In Amsterdam, the Dutch Golden Age is the period that has been zealously preserved and displayed—from the Rijksmuseum’s Gallery of Honour, which exhibits the most famous and important Dutch painters of this time, to the Canal Ring, which was built during the 17th century Golden Age and is still lined with many 17th and 18th century buildings. To the world, the Dutch Golden Age is likely the most memorable aspect of Dutch history, when the Netherlands made its mark on the world stage as an international shipping and trading power, as well as an artistically powerful counterbalance to the Italian Renaissance in the south. The heritage of slavery in the Netherlands, and the impact of Dutch colonization during the Golden Age, however, is not on the tips of everyone’s tongues. At the most recent Reinwardt Symposium, for example, the Rijksmuseum director Taco Dibbits pointed out that some exhibitions are more difficult to fund than others, giving the current exhibition on the relationship between South Africa and the Netherlands as an example.
This act of preserving and displaying the “proudest” moments of national history seems to be one of the more obvious remnants of international fairs and expositions, which were somewhat like predecessors to our contemporary museums. At these fairs, nations would often compete—in a non-combative way—to display their innovation and wealth in varying forms (intellectual wealth, wealth of colonies, wealth of culture, etc.). One could say this culminated most infamously in the Kitchen Debate between Khrushchev and Nixon in the 1950s: although the two countries were meant simply to exchange exhibitions to promote understanding between the two countries, the American kitchen display seemed to be a much more pointed criticism of communism and the (lack of?) Soviet success; thus, the innocent exchange of exhibitions resulted in a more heated political debate.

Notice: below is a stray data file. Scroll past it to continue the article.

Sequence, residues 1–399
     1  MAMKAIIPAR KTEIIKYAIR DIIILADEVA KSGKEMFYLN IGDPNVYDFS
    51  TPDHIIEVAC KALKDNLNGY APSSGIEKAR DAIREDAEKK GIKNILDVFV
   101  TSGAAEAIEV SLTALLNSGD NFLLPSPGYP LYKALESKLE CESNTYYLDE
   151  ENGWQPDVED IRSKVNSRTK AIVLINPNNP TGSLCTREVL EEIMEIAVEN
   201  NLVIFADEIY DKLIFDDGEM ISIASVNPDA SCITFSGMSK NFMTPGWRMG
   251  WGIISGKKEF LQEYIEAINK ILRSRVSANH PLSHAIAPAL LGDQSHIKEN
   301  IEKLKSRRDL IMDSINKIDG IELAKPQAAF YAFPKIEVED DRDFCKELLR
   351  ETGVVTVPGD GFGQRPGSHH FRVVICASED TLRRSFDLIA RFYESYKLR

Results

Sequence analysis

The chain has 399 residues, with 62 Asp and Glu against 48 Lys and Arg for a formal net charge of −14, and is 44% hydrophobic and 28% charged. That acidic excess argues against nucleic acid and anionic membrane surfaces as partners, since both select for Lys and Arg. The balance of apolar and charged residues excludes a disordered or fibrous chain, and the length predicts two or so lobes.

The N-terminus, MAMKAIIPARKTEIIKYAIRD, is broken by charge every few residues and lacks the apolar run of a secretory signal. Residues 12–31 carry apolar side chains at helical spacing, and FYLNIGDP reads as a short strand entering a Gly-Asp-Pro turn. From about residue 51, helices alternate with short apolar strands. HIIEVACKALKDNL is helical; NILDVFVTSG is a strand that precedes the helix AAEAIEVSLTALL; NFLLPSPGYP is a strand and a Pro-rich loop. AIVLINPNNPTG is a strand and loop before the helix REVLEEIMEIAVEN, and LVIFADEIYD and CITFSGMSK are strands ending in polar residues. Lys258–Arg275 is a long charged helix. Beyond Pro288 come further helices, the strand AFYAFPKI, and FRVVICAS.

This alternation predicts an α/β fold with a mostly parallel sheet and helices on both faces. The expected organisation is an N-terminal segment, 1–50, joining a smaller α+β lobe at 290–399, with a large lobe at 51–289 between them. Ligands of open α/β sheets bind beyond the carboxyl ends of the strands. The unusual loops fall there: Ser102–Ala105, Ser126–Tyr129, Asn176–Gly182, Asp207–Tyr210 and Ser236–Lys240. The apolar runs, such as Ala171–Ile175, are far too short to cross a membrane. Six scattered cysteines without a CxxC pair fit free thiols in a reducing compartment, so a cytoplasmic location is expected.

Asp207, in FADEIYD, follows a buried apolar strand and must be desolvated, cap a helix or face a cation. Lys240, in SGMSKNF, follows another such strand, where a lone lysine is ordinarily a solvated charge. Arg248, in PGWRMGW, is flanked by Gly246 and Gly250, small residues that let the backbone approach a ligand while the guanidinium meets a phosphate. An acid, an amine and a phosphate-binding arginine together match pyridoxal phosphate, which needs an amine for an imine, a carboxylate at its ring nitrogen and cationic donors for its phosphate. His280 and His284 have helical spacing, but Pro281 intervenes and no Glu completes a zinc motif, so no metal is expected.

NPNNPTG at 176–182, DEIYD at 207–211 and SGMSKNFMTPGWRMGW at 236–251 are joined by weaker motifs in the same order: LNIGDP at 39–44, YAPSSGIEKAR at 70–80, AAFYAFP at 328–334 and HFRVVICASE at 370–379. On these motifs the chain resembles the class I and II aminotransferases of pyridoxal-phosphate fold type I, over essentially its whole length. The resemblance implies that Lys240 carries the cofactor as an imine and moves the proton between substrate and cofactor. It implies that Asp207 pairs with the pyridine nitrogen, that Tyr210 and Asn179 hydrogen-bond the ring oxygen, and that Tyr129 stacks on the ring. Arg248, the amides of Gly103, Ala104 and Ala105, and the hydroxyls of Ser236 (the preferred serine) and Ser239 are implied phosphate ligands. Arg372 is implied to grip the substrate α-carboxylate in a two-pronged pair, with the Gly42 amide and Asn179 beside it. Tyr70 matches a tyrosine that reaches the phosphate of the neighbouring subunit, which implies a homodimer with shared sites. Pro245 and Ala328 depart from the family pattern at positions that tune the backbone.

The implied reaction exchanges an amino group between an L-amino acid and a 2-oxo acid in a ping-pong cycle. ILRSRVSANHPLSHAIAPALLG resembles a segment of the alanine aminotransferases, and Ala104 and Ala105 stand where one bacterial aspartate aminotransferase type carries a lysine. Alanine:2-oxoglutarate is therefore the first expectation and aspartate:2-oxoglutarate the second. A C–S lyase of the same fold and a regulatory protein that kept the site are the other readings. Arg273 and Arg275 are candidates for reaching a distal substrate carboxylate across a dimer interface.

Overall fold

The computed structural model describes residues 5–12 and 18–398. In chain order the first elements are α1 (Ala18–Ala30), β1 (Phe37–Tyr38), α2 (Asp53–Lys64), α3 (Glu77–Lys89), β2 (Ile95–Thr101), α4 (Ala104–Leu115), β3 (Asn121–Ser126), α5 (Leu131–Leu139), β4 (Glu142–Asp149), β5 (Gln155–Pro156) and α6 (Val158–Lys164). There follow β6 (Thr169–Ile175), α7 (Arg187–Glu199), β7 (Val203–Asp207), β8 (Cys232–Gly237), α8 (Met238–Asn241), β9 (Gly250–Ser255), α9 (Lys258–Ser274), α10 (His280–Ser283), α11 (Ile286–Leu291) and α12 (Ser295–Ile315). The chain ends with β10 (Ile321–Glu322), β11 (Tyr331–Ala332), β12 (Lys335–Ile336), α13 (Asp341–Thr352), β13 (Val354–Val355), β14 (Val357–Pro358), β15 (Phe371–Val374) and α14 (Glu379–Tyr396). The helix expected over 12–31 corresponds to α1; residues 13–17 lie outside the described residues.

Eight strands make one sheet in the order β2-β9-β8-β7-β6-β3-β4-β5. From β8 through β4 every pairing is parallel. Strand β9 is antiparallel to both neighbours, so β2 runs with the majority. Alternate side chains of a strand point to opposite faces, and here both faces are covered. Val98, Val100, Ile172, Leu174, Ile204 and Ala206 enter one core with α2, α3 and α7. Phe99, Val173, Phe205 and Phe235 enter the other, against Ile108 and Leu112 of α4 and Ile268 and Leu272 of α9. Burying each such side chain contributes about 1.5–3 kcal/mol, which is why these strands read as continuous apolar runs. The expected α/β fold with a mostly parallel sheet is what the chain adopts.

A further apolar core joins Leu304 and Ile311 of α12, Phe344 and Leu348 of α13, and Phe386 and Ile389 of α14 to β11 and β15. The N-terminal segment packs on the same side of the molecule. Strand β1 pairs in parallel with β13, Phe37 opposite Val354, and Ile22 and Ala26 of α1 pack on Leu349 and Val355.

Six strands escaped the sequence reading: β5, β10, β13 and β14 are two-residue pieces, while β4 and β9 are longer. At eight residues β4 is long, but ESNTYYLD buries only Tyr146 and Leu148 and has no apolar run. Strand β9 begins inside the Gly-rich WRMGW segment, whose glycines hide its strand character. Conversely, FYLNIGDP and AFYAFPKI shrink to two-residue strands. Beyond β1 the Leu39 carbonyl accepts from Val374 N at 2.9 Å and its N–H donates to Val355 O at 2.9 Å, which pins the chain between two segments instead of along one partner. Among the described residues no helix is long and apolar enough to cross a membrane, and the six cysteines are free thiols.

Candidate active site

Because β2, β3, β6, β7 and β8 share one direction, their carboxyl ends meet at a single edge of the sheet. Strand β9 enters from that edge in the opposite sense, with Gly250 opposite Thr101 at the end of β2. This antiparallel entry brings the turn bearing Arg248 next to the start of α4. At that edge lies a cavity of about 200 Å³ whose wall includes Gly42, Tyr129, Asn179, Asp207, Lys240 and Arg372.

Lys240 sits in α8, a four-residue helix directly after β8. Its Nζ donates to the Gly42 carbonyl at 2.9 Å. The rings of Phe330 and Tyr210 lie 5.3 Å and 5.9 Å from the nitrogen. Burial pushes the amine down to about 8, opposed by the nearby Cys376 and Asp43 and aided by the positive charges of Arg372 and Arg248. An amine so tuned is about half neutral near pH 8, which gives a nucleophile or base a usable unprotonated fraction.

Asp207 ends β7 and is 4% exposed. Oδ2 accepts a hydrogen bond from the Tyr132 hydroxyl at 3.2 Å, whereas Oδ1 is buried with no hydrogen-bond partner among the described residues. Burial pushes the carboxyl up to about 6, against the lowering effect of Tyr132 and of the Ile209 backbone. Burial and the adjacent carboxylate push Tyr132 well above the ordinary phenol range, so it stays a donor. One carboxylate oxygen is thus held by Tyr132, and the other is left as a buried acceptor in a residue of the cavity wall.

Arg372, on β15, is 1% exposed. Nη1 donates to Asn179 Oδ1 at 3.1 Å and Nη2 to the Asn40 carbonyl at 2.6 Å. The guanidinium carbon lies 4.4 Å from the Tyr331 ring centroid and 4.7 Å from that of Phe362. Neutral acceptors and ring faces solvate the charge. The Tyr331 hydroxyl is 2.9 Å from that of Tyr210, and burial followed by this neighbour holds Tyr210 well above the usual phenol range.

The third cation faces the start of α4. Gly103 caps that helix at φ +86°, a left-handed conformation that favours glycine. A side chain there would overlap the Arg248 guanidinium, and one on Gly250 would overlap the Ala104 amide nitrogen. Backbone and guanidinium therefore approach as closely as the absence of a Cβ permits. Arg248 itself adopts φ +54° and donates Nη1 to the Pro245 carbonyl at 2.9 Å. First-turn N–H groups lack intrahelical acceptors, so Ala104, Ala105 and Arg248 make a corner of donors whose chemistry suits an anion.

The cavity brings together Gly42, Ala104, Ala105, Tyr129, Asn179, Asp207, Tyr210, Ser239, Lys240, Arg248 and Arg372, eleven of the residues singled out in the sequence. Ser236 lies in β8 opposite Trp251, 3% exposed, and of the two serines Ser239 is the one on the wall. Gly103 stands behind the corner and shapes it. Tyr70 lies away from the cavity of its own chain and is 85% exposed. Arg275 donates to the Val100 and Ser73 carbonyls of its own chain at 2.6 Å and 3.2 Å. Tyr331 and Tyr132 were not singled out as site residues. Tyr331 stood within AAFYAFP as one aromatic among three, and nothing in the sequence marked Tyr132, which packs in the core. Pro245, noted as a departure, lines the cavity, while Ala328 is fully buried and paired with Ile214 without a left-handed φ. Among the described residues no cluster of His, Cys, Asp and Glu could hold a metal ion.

Museums that idolize and focus on these positive periods of national history seem to echo the intent of these international fairs. Is this a form of soft diplomacy? Or a cold war? By soft diplomacy, I mean it in a way that it subtly displays a country’s assets, perhaps offering them up to other countries by participating in these international fairs. On the other hand, however, it could almost be seen as a display of periods of strength or domination; by aggrandizing the Joseon Dynasty, Seoul almost seems to ruffle its feathers. The Joseon Dynasty was the last period during which the Korean peninsula was united (without occupation by external forces).